Mammographic Breast Density in Infertile and Parous Women

Meggiorini Maria Letizia; Vestri Anna Rita; De Stefano Maria Grazia; Cipolla Valentina; Bellati Filippo; Maffucci Diana; Nusiner Maria Paola; Aragona Cesare; De Felice Carlo


BMC Womens Health. 2016;16(8) 

In This Article


Infertility is defined as the failure to conceive after one year of regular unprotected intercourse, and prevalence is approximately 10 %-15 % in Western countries.[1] The demand for infertility services is steadily increasing, and so is the average age of women undergoing in vitro fertilization (IVF).[2,3] Infertility treatments implying medication and interventional procedures may modify the hormonal environment and be cofactors in cellular changes leading to cancer development.[4,5] However, few studies are reported on breast cancer risk in infertile women who have undergone IVF treatment.[6–8]

The association between breast cancer and infertility has not been consistently studied, but it may be explained by hormonal disorders linked to infertility, a different reproductive risk factor profile in infertile women, or by a combination of these two factors.

Two decades ago, Sellers et al. reported a significantly higher risk of developing breast cancer in nulliparous married women who tried and failed to become pregnant.[9] Weiss et al.[10] found that among women with a first full-term delivery at the age of 35 or older, fertility problems were associated with a two-fold increased risk of breast cancer. In contrast, Venn et al.[5] and Klip et al.[8] summarized the association between infertility and breast cancer and concluded that infertile women did not appear to be at higher risk for breast cancer. However, the possible influence of infertility itself on the risk of breast cancer occurrence should be taken into consideration.[11]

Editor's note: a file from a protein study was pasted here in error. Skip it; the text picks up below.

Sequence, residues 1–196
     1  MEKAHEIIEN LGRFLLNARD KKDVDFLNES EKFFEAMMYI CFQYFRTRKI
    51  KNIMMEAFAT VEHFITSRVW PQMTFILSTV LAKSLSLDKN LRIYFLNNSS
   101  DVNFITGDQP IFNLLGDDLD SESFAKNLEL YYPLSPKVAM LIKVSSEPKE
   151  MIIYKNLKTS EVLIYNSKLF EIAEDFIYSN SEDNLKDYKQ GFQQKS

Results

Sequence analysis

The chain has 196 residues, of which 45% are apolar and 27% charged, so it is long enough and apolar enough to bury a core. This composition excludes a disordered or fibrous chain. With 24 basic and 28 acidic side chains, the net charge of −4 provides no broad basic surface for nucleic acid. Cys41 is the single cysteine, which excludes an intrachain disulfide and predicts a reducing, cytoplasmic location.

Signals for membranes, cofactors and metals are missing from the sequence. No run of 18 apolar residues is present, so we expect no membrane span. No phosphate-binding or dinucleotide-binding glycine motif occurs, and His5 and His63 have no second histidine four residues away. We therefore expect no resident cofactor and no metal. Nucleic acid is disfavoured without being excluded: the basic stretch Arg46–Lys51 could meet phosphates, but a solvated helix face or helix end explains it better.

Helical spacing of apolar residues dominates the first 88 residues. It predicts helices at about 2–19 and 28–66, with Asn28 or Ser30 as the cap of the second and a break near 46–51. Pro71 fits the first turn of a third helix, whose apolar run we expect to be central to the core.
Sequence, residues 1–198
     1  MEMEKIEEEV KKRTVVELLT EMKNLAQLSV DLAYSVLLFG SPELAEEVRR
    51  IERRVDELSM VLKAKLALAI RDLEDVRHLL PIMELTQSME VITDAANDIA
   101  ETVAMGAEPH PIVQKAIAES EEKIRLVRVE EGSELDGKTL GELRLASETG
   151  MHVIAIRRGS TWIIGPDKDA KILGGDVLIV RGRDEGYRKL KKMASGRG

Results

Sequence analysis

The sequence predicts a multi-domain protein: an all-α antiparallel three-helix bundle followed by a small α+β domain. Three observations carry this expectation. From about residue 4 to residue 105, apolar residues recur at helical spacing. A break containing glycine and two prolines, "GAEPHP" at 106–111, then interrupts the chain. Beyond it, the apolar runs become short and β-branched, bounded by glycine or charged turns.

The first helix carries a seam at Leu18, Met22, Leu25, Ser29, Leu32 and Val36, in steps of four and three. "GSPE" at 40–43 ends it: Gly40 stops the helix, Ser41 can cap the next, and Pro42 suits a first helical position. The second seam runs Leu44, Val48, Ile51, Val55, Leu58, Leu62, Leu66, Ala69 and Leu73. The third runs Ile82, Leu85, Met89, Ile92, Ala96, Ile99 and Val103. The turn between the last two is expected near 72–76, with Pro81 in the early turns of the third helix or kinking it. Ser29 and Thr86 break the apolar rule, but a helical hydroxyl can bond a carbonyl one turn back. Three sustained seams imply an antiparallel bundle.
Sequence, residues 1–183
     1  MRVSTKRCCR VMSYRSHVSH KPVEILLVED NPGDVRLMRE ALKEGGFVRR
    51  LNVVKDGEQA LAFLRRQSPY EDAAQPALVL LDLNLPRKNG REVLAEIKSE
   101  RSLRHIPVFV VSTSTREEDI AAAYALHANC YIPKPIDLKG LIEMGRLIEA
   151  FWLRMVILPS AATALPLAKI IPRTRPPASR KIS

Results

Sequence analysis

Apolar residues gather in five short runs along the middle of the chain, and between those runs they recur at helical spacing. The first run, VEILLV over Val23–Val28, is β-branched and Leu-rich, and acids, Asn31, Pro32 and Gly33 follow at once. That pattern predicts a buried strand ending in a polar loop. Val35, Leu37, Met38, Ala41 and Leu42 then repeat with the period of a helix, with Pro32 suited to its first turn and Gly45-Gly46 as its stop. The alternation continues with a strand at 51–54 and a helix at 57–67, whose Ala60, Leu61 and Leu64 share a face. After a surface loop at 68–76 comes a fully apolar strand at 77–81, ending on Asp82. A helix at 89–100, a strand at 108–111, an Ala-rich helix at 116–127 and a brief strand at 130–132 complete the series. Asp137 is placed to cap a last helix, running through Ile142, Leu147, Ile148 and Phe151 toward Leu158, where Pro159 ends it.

The Italian National Federation for Breast Cancer (FONCAM) guidelines 2005 recommend mammography starting at 35 years in women who undergo hormone therapy.[12]

At the Breast Unit of our institution (Policlinico Umberto I, Rome), all women undergoing fertility treatment are submitted to breast examination, and mammography is performed according to the FONCAM recommendations for women aged ≥35.

Mammographic breast density reflects the relative proportion of glandular and stromal tissue to fatty tissue in the breast. High breast density has been strongly associated with increased risk of breast cancer,[13–15] and this parameter could thus be a useful marker for breast cancer risk and be considered one of the strongest risk factors for breast cancer.[15] Breast density is often associated with reproductive and menstrual factors including serum estrogen and progesterone concentrations.[16] Furthermore, breast density is inversely correlated with the accuracy of mammography and therefore a measurement of density conveys information on the difficulty of detecting cancer in a mammogram.

In a previous study, we found that 68 % of women with primary infertility had dense breast tissue according to the BIRADS score compared with 37 % of premenopausal women in a general population.[17]

In the present study, two different systems, BIRADS and Boyd, were employed to evaluate mammographic breast density in two selected groups: a case group consisting of infertile women and a control group consisting of parous women. The results obtained in the two groups were subsequently compared.